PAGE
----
In its latest Winter Outlook for Natural Gas, the Natural Gas Supply Association (NGSA) predicts the United States will experience record demand for natural gas, surpassing levels seen during the 2013-2014 “Polar Vortex.” To meet this demand, NGSA forecasts significant growth in production over the coming winter – an estimated eight percent to be exact – a vast majority of which will be providing by shale development.
According to the outlook, several factors are expected to contribute to increasing natural gas demand this winter, the most significant being weather. As NGSA notes, the National Oceanic and Atmospheric Administration (NOAA) estimates that this winter will be 12 percent colder than the relatively mild winter the U.S. experienced last year. Because of this, the group predicts that total heating degree days (HDDs) will be “significantly greater” this winter than the previous one, increasing demand for natural gas.
In addition to weather, NGSA also predicts that increased demand for natural gas from various economic sectors will push overall demand for the fuel up by about 3.2 billion cubic feet (Bcf) per day – an increase of roughly four percent. The majority of this demand will be derived from the residential and commercial sectors, but the industrial sector is also expected to contribute growth of about 0.7 Bcf per day derived from the construction of new gas-intensive projects and capacity expansions from petrochemical facilities. Moreover, increased natural gas exports via pipeline to Mexico and liquefied natural gas (LNG) exports are expected to further raise demand, as foreign countries increasingly look to natural gas for a cleaner-burning fuel source.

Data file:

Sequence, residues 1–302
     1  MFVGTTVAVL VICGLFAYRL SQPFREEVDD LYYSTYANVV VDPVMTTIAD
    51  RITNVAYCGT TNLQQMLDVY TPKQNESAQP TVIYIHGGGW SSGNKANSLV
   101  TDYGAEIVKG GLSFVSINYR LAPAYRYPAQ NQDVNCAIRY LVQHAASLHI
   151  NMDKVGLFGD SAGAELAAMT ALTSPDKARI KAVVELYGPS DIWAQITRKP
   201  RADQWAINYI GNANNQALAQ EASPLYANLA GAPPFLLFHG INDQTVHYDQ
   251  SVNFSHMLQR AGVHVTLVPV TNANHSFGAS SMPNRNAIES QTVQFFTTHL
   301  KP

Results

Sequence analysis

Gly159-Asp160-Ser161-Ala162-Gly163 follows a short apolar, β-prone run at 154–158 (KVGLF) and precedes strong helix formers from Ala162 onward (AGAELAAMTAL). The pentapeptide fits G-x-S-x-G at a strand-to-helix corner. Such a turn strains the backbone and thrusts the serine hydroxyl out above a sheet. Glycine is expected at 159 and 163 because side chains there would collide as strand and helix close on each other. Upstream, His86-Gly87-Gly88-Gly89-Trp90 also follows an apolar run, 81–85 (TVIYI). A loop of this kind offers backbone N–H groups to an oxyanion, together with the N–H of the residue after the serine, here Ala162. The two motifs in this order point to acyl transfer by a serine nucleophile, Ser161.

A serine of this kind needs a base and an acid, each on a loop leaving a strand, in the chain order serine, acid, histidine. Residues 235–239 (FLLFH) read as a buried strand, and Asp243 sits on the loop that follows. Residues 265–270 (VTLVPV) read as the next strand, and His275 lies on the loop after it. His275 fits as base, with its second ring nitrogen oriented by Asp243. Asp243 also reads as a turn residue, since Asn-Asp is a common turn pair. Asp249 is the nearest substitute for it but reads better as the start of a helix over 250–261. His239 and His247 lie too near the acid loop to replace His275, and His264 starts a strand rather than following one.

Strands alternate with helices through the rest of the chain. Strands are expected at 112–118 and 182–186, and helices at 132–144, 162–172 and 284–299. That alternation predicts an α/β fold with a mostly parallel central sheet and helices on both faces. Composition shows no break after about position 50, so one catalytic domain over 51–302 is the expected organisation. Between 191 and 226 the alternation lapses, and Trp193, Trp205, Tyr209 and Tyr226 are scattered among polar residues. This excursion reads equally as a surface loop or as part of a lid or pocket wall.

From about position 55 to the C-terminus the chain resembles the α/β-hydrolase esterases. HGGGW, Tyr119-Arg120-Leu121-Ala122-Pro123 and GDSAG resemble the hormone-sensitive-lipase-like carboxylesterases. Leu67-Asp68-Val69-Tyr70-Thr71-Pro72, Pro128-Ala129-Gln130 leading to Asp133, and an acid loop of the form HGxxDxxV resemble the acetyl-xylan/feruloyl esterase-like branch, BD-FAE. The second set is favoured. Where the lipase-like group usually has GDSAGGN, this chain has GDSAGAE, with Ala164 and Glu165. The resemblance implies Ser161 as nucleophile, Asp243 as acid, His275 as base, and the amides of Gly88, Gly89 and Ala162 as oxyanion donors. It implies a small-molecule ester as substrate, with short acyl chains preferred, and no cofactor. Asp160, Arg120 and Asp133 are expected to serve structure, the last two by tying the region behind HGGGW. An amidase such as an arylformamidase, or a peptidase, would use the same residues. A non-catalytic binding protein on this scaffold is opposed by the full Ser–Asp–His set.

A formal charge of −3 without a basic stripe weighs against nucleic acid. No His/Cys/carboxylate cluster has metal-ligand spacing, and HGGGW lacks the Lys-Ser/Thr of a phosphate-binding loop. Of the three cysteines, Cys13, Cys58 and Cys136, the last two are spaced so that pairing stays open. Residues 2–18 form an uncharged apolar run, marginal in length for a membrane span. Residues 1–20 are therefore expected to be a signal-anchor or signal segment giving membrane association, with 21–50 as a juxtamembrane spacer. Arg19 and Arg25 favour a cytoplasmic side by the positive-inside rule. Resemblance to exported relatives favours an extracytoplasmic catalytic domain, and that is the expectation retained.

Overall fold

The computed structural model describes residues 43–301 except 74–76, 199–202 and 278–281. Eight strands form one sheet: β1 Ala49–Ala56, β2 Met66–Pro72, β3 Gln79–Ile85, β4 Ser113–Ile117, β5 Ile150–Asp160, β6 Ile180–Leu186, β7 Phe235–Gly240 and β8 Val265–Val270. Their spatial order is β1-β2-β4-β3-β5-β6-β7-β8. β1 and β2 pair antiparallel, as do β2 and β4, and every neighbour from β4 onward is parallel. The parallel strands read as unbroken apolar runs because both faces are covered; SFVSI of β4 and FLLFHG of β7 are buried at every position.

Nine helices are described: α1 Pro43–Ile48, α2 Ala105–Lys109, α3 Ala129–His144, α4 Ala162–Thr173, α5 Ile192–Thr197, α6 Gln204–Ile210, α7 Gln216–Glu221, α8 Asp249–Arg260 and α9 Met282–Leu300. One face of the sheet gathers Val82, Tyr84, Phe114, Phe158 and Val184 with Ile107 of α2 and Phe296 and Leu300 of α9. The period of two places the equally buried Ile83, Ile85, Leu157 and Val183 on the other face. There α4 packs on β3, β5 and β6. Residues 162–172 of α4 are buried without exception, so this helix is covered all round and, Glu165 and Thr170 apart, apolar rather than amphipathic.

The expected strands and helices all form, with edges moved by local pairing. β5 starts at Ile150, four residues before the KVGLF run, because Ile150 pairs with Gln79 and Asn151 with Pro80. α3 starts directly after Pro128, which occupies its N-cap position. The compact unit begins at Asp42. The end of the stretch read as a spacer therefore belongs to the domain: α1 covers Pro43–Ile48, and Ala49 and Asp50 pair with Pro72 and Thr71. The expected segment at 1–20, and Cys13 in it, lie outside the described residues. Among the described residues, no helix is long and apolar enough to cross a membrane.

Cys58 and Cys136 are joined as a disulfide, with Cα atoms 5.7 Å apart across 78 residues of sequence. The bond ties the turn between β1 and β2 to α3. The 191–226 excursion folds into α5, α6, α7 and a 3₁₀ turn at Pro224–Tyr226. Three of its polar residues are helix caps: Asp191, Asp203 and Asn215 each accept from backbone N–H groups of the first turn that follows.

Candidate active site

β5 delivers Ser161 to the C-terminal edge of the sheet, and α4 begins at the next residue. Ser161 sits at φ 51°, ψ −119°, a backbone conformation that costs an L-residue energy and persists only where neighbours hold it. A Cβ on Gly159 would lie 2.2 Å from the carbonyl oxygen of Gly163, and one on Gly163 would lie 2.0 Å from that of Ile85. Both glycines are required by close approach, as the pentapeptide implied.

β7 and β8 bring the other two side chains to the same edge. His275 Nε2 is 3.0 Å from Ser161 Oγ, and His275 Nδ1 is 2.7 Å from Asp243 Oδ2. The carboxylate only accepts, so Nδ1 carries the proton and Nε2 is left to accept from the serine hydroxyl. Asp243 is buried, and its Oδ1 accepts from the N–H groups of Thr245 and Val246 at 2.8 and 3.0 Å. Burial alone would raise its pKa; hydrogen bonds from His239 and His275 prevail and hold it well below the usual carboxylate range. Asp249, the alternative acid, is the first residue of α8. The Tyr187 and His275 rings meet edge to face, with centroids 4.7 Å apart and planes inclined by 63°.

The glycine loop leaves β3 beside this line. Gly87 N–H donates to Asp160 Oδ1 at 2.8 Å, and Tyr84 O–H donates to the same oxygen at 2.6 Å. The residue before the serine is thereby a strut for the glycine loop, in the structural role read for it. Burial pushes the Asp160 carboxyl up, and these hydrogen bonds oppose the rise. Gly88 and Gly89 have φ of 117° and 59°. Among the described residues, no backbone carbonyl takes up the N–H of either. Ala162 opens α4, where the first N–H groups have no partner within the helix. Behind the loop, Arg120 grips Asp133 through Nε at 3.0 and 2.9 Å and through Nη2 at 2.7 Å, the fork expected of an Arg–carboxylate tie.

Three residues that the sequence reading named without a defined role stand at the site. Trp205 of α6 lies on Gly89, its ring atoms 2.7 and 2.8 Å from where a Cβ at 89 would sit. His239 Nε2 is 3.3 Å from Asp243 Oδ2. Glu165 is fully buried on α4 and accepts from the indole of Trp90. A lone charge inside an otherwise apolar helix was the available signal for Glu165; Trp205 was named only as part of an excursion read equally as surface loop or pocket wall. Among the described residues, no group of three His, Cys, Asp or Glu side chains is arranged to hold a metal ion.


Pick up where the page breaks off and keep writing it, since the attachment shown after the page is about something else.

Scott Moore, Chairman of NGSA and Senior Vice President of Anadarko Petroleum Corp., neatly sums up these demand pressures, stating:
“The picture that emerged for the upcoming winter is of a natural gas market experiencing substantial growth in both demand and supply. Record demand in the residential and commercial sector is primarily driven by colder weather, with a longer-term shift to natural gas in the electric and industrial sectors driven by competitive prices and environmental benefits.”
As stated earlier, NGSA expects increased natural gas production — made possible by fracking — to increase as well to meet this demand growth. U.S. Energy Information Administration data shows that U.S. natural gas production has increased by almost 39 percent from 2006 to 2016, and Moore mentions this impressive production growth – as well as fracking’s role in it – stating:
“The shale revolution has ushered in a remarkable era, as evidenced by dramatic growth in production over the last 10 years. Drilling efficiencies continue to keep production flowing and new pipeline infrastructure can bring it to customers.”
Overall, with demand expected to reach record highs in the coming months, it’s great to know that American producers will be ready to meet this demand – and then some – thanks to continued technological advances in shale development.